Detroit • The St. Louis Cardinals needed something to get them going on Sunday against the Detroit Tigers.
Out of nowhere — again — a squirrel appeared.
In an episode sure to revive St. Louis fans’ memories of the 2011 Rally Squirrel, this game at Comerica Park was scoreless going into the seventh inning. That’s when a squirrel took up residence between second and third base.
There was a delay and, with some prompting from the Tigers infield, the critter moved into foul territory and eventually made its escape in right field.
The Cardinals wound up scoring five times in the inning and avoided a series sweep with a 5-2 victory.
“I don’t think you can discount that factor,” manager Mike Shildt said. “The squirrel shows up and we score five runs. We only had six in the whole series before that.”
During the 2011 NL Division Series, a squirrel cut across the diamond at Busch Stadium, running right past home plate during a game against Philadelphia. The Cards went on to win the playoff series and later the championship — their World Series rings even depicted a squirrel.
“I don’t necessarily believe in superstitions like that,” said Cardinals shortstop Paul DeJong, who had a hit in the seventh. But he added: “Maybe you could call it the Rally Squirrel.”
The Cardinals lost the first two games of the series in walk-off fashion and didn’t have a baserunner until the sixth against Michael Fulmer.
St. Louis, which has a one-game lead for the second NL wild card spot, won for the third time in eight games.
“You never want to get swept by anybody,” said Kolten Wong, who drove in the Cardinals’ first run. “We knew they could be dangerous, because they have nothing to lose, and they gave us a battle. Luckily, we were able to get one.”
Detroit’s four-game winning streak was snapped.
John Gant (7-5) allowed two runs on five hits and a walk in 6 2/3 innings. He struck out six.
“I knew I really needed to bear down, because we needed this game,” Gant said. “I had to go out there and give my best effort.”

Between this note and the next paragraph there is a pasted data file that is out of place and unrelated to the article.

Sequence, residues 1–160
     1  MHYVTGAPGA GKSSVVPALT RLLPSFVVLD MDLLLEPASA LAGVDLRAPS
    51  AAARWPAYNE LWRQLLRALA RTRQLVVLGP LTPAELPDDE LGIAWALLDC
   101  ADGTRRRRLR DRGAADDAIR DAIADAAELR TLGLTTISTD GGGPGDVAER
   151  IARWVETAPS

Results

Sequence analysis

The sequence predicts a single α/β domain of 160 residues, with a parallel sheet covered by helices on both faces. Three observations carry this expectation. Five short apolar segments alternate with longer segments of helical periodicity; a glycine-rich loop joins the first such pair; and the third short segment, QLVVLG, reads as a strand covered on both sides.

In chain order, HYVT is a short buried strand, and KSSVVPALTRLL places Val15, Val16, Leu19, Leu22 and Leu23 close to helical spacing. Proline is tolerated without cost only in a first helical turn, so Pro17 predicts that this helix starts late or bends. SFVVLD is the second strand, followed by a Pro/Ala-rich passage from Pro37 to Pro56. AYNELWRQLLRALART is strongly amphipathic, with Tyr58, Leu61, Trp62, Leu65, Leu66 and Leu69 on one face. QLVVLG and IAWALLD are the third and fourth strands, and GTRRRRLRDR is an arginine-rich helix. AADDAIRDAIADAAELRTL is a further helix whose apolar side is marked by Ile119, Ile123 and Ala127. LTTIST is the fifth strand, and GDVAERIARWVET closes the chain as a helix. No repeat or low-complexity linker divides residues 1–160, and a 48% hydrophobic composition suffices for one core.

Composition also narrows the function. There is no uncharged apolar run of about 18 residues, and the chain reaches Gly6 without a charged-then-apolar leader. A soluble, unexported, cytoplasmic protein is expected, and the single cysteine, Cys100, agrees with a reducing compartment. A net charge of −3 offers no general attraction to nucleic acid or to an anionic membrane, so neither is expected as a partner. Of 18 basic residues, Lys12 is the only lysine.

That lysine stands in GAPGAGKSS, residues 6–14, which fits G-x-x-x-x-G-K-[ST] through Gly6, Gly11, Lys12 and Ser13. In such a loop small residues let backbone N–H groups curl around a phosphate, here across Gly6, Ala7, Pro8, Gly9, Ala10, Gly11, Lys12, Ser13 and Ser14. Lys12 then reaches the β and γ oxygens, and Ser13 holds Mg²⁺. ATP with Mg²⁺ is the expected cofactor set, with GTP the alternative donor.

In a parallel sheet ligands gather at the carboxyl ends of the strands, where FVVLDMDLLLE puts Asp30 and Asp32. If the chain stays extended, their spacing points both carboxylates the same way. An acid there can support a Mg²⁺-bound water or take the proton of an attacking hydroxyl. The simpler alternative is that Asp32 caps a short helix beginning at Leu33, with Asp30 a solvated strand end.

Carlos Martinez pitched the ninth for his second save. After the game, Shildt said Martinez will replace Bud Norris as the team’s closer.
Fulmer (3-11) was perfect through five innings but only got four more outs. He allowed five runs on five hits and three walks in 6 1/3 innings, striking out five.
“He was cruising, and then everything fell apart behind him,” Tigers manager Ron Gardenhire said. “We didn’t make a couple plays, we dropped a ball and they found a bunch of holes. I don’t think they hit a ball hard off him.”
Fulmer fell to 0-6 in his last nine starts, with the Tigers losing all nine.
“My job is to help this team win games, and I’m obviously not doing that,” he said. “But I can feel the progress every time. This is the best I’ve felt in two years.”
In the seventh, Marcell Ozuna and DeJong both hit infield singles with one out, and Wong followed with an RBI single to left. Yairo Munoz followed with a flyball down the right-field line that Niko Goodrum dropped, allowing the second run to score.
Greg Garcia was intentionally walked, loading the bases, and Carson Kelly hit the third infield single of the inning to make it 3-0. Victor Alcantara replaced Fulmer and allowed a sacrifice fly to Matt Carpenter before Jose Martinez’s RBI single gave the Cardinals a five-run lead.
“Fulmer was really tough, but we found some little holes,” Kelly said. “You never know when that squirrel will show up, but we needed it there.”
The Tigers got their two runs in the bottom of the seventh, thanks to doubles from Nicholas Castellanos, James McCann and Ronny Rodriguez.
Carpenter and Shildt were both ejected after Carpenter was called out on strikes to end the ninth.